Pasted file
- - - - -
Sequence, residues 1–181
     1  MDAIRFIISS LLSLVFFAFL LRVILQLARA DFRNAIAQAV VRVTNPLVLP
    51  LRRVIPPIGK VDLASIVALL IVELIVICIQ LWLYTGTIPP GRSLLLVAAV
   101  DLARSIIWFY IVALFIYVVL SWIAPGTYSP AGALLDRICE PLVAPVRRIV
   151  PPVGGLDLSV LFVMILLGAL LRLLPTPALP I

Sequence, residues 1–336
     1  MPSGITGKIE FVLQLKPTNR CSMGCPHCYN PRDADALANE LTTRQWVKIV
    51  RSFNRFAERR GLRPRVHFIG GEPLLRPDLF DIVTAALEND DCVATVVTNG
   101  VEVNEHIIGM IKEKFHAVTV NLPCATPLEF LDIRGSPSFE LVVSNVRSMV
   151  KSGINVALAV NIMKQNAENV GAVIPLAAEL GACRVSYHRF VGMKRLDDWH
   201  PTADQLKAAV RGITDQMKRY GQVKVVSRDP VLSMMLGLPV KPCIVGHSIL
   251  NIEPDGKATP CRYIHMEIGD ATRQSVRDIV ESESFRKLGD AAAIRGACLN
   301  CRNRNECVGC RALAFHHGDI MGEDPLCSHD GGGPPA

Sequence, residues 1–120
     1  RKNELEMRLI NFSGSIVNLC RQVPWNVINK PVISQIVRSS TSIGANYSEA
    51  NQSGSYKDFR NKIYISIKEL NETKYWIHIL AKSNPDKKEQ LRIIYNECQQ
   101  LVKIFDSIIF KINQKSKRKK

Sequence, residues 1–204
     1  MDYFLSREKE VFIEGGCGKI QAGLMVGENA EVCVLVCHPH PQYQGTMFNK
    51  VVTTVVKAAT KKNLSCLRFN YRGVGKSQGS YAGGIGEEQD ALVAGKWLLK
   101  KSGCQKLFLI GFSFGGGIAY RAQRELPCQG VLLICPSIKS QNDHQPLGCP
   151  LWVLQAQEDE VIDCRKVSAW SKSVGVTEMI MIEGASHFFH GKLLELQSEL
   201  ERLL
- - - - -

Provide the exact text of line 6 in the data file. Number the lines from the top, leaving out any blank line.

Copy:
Sequence, residues 1–336